Best way to grow an avocado tree from seed

Growing your own avocado tree can be a lot of fun.  It takes a bit of patience (it can take around 3 or 4 months before they even start to sprout roots), but you should be rewarded with a lovely leafy indoor plant.

It can take years for an avocado plant to branch out into a full tree and even longer before they bear fruit…IF they do indeed bear fruit at all (many avocado trees don’t produce fruit).  So grow an avocado tree from seed for the fun of it,  not with the expectation that it will provide you with fruit.

If you are like me and enjoy growing things (I LOVE growing things so much, I’m now running out of space!), start saving your avocado seeds asap and get ready to grow one of your own.

There are a few ways to grow an avocado tree from seed.  You can suspend the seed in a container of water or place it in a pot of soil.  To grow it in water (also known as hydroponics), you have three options; you can use any old clear glass jar and suspend the seed over water with cocktail sticks/toothpicks, or you can use a bulb vase (a jar used for growing hyacinths etc) which is shaped to hold bulbs above water level or you could try one of the new purpose made AvoSeedo devices.  The latter is new to the market and apparently has excellent success rates.  However, the other options are way cheaper.  Lets look at these 4 methods individually….

 

1.  A jar of water and cocktail sticks

The most common way to root avocado seeds at home is by suspending the seed in a container of water using cocktail sticks (or toothpicks) to hold it in place.

Any old jar or glass will do, just make sure it is clean.  You can use a plastic container of similar size but it has less success rate.

 

Follow our step by step guide

1. First wash the seed well, make sure all of the avocado flesh is removed as if it is not, it will rot.

2. Next work out which end is the top and which end is the bottom.  Avocado seeds are slightly oval; the broader end is the bottom and this is where the root will shoot from, this end goes in the water.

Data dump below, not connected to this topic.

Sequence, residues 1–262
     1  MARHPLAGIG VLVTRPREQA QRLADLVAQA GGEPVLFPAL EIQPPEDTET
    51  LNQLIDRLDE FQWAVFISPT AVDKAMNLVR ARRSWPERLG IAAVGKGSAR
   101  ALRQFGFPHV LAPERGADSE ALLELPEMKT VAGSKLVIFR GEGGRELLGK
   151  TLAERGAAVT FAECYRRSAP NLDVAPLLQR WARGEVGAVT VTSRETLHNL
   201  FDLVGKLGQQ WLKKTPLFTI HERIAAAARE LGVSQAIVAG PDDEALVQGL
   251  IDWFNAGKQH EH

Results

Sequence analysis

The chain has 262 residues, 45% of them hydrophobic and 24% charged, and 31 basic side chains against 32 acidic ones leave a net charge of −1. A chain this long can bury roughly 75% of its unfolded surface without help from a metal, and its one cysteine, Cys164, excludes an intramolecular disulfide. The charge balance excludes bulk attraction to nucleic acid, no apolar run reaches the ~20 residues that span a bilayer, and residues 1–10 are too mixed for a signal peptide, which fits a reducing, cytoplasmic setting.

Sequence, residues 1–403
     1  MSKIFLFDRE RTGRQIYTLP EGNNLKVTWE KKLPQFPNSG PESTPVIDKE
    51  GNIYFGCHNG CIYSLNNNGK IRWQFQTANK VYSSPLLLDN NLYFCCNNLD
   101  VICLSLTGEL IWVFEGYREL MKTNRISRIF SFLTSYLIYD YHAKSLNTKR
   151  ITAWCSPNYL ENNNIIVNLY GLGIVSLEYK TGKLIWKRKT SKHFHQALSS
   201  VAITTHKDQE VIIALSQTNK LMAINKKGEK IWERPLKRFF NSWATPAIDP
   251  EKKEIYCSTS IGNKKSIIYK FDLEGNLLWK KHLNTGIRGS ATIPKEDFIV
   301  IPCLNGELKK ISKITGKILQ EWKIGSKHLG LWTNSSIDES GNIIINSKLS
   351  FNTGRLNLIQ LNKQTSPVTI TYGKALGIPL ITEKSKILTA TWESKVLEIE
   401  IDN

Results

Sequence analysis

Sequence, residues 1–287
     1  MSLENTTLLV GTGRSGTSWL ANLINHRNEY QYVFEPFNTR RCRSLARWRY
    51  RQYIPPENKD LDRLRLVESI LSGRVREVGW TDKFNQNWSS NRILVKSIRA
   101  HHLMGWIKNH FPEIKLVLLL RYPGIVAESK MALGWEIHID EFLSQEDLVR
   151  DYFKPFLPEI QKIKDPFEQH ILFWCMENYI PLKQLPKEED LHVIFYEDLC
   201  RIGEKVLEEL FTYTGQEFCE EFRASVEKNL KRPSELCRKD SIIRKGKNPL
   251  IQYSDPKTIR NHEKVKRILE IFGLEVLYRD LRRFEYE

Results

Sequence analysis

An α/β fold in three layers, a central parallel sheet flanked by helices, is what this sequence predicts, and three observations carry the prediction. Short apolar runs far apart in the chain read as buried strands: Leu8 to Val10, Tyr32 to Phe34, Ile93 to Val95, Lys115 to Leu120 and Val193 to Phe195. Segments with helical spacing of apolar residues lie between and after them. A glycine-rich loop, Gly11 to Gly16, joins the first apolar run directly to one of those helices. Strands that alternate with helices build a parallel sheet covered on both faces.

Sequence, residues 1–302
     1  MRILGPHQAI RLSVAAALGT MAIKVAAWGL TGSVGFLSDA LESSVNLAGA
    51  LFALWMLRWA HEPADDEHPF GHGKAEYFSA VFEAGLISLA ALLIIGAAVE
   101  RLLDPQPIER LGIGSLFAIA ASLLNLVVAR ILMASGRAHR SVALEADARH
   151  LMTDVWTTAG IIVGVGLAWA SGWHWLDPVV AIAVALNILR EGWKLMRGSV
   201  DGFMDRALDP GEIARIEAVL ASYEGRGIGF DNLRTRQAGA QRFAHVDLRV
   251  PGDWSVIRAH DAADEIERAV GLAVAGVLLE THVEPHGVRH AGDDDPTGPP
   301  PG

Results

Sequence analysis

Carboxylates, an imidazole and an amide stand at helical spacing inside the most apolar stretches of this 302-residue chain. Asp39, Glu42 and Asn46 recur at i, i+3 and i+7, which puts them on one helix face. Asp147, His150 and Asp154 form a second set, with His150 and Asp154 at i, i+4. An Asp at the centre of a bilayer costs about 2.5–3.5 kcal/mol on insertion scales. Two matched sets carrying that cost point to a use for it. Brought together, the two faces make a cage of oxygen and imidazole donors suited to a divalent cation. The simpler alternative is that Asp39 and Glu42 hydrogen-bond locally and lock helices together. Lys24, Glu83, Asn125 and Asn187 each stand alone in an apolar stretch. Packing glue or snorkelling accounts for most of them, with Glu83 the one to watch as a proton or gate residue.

3. Firmly push 3 cocktail sticks into the top end of the avocado seed at an angle of around 45 degrees.  The toothpicks will be used to balance the seed so only the bottom half is immersed in the water.

4. Fill the jar with enough water to cover the bottom half of the seed.  Lukewarm or room temperature water is best.

5. Position the jar in a bright spot but not in direct sunlight (I use a north facing windowsill).

6. Change the water once or twice a week. Keep a look out for any tinges of green in the water or around the seed.  If so, change the water and wipe green mould away.  Mould is the biggest risk to the success of the seed at this point.

7. The seed will eventually crack (be patient, this can take anywhere from a few weeks to a few months), the brown outer coating will begin to peel off, and finally you will see a root sprout from the bottom and then a little later you should see a stem sprout from the top.

8. Once the plant grows to around 15-20cm in height you can transfer it into soil.  You can also nip off the growing tip at this point so that it will grow bushier rather than leggy.

9. Once it is established, gradually provide it with more sunlight; avocado plants love sun (but only once it is established, as too much direct light can burn seedlings).

I have had mixed success with this method; I’d say probably around 50/50 chance of successful germination.  Quite often the seed turns green either before or just after it has sprouted; I think it is probably due to the abrasion caused by the cocktail sticks which allows fungus/mould to take hold of the seed.   But it is always a fun experiment and worth a try if you’ve just made guacamole and are about to chuck a seed in the bin .

 

 

2.  A bulb jar

Also known as a hyacinth carafe, these glass hydroponic vases are perfect for starting avocado seeds; they are just the right size to hold the seed. If you have one lying around, they are great for this purpose.  Or you can check bulb jars out here on Amazon.

 

This method is just the same as above, leave out the third step, as the shape of the jar replaces the need for toothpicks.  Make sure the water level covers the bottom half of the seed.  This is a very quick and easy method.

 

 

I have had a lot of success with this method; the abrasion from the cocktail sticks  in the cocktail stick  method can sometimes cause mould/fungus to affect the success of the seed; these jars are perfect for the purpose.  Clean a seed, pop it in, fill with water, that’s it.